I really feel sorry for the crabs in this situation.
Wow, a surprisingly good Master System cover.
PLAYERS: 1-2 simultaneous
DEVELOPER: First Star Software (port by Sega)
RELEASE DATE: 09/20/86 – (JP), 10/88 – (US), 08/87 – (EU, Card)
Plenty of games bore me, frustrate me, annoy me, but there’s something about Spy Vs. Spy‘s limited, tedious gameplay that sends me into a Trent Reznor-certified downward spiral. It happened with the NES version, and it’s happened with this Master System version.
You play as a white-coated spy searching for five items in a series of dimly lit rooms. The items include a key, a passport, cash, documents, and a briefcase. The briefcase is the most important item: without it, you can only hold one item at a time. Once you collect all of the items, find the airport (signified by a door with two airplanes) and jet away to the next series of rooms.
Leaving on a jerkplane…
Your enemy, the black-coated spy, is looking for the same items. The game always starts the two spies in the same room, leaving you one of two options: pound the crap out of the other spy until he dies; or run away and begin searching for the items immediately. The screen is split up into two sections, with the top half monitoring your actions and the bottom half monitoring the actions of Mr. Black Coat. While you’ll mostly be focusing on your spy, it’s good to be able to see what the other one is up to, especially if he’s laying down traps. Both spies have access to traps – bombs, springs, guns, etc. – that can be set in strategic areas in each room. Should a spy trigger a trap, they’ll die immediately and have to wait about ten seconds before they’re regenerated. During this time, the dead spy’s half of the screen turns black, and the living spy can rob them of their stuff, if they search the room where the spy was killed.
He got what he deserved.
That’s Spy Vs. Spy in a nutshell, but let me guide you through a stage, perhaps one of the earlier ones so we don’t get lost (later levels have an insane amount of rooms scattered among several floors). Both spies start off in the same room. Unless you want to take out the enemy spy immediately, walk away to a different room, then check your map. Any room on your map with a dot on it has an item. Go to a dotted room, find the item, but remember, you can only hold that one item until you find the briefcase. Let’s say you collect two items, cash and a key in that order, but you do not have the briefcase. The black-coated spy can enter a room and steal the key you just picked up, even though the key appears in your item collection screen. I hate this and it happens all the time.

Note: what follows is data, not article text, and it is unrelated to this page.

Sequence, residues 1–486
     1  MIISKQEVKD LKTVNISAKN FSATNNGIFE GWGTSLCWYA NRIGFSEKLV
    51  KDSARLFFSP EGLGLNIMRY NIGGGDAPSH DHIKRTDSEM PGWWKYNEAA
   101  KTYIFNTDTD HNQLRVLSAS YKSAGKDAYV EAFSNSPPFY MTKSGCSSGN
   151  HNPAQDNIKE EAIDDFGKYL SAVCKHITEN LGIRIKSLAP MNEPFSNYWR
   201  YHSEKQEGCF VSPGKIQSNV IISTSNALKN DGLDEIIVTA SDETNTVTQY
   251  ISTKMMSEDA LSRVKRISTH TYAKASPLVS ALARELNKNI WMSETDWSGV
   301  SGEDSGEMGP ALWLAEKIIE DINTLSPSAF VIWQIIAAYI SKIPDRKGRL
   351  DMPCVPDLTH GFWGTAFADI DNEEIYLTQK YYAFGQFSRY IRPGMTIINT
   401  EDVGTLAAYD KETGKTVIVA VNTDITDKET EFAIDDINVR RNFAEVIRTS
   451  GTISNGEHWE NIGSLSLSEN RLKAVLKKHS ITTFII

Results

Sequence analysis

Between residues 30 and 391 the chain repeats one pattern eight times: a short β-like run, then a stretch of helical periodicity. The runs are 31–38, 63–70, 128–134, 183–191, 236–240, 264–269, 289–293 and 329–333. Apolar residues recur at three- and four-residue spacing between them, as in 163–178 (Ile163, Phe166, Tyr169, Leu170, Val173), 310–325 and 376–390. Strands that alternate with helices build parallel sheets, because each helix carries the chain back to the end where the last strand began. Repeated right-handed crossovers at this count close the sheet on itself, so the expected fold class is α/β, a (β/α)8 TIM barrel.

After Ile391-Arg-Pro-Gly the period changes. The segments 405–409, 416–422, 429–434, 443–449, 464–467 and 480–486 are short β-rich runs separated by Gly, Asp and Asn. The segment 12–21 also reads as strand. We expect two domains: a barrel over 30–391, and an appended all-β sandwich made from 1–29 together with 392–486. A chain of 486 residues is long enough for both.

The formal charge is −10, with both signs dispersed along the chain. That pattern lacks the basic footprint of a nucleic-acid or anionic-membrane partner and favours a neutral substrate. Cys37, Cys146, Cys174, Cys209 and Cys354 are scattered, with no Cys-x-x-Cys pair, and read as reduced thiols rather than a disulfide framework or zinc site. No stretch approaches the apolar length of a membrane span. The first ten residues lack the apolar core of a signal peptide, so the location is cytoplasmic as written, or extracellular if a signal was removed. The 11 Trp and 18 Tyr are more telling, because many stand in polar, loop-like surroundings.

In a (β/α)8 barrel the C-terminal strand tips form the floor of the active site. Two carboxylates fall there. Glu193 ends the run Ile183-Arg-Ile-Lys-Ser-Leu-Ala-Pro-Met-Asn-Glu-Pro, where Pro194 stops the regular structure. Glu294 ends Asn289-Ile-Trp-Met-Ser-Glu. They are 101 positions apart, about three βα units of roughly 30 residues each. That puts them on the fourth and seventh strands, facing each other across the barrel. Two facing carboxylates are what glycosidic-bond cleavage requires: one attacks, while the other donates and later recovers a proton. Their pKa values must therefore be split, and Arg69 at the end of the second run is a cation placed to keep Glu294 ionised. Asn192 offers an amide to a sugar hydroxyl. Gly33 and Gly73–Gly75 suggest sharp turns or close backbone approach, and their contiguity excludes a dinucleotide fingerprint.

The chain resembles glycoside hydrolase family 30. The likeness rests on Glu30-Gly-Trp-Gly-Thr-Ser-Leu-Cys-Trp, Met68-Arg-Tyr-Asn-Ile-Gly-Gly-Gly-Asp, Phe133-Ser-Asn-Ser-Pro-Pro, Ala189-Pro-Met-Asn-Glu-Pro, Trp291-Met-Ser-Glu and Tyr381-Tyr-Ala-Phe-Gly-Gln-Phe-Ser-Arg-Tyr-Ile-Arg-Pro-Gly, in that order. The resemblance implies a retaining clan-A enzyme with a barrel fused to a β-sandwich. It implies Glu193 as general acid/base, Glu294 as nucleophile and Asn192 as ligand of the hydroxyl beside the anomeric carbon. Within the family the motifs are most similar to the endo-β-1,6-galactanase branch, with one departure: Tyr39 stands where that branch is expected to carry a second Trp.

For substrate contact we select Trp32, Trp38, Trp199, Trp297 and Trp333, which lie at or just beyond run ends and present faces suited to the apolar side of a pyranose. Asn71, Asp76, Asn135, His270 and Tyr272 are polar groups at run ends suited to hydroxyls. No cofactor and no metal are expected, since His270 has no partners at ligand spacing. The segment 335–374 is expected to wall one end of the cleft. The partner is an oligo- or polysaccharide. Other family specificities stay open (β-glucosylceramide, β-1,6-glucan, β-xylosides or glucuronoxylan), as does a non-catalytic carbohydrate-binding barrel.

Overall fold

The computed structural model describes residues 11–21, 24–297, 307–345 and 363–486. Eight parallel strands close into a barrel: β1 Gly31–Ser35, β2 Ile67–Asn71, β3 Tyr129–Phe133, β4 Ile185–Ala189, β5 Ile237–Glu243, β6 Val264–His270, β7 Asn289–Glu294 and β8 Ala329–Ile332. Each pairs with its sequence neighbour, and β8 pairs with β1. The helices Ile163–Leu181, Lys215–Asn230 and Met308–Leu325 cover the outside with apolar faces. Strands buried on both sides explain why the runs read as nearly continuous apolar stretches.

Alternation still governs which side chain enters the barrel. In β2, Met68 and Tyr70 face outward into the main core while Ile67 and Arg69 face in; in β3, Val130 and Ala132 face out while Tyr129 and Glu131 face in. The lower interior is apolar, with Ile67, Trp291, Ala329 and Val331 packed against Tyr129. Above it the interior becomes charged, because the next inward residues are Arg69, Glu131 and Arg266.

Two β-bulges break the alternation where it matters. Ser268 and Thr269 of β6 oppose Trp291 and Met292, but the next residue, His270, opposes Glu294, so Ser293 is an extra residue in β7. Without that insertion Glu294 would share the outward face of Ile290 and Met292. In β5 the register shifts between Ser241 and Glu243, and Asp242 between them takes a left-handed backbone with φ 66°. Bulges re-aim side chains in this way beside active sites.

Doesn’t the black spy kinda look like a rabbi?
Let’s say you collect a briefcase with every item and you’re off to the airport. You open the airport door and are greeted by a thug who punches you against the wall, killing you. The thug was not placed there as a trap by the black spy, he’s completely the game’s doing. In the meantime, while your screen is black and you can’t do anything, the other spy comes along, steals the briefcase, and walks out the same door where the thug is no longer there. Complete and utter bull crap. How are you supposed to know that there’s a brute behind the airport door that can kill you if you open it? You don’t, it’s a chance you have to take because you need to complete the level to progress. I hate this and it happens all the time.
The white spy pleas for death from beyond the game.
Some cheapness aside, every feature of Spy Vs. Spy works – the traps, the collecting of items, taking down the other spy – assuming you like the style of play being offered to you. I don’t. I hate searching for the items. I hate searching for the briefcase to be able to hold all of the items. I hate the convoluted stage layouts past stage 3. I hate the time limit. I hate getting caught in a trap. I hate setting traps. The only aspect of this game that gives me any sense of release is punching/kicking the other spy until his ghost floats up to heaven. Everything beyond the brawling is unwanted tension and anxiety that increases with each passing level. Every level is the same tired trap-and-collect shenanigans, repeated over and over with an increasing amount of rooms that are frustrating to navigate, despite the presence of a map. If I never encounter Spy Vs. Spy again on some other chrono-gaming journey, it will be too soon.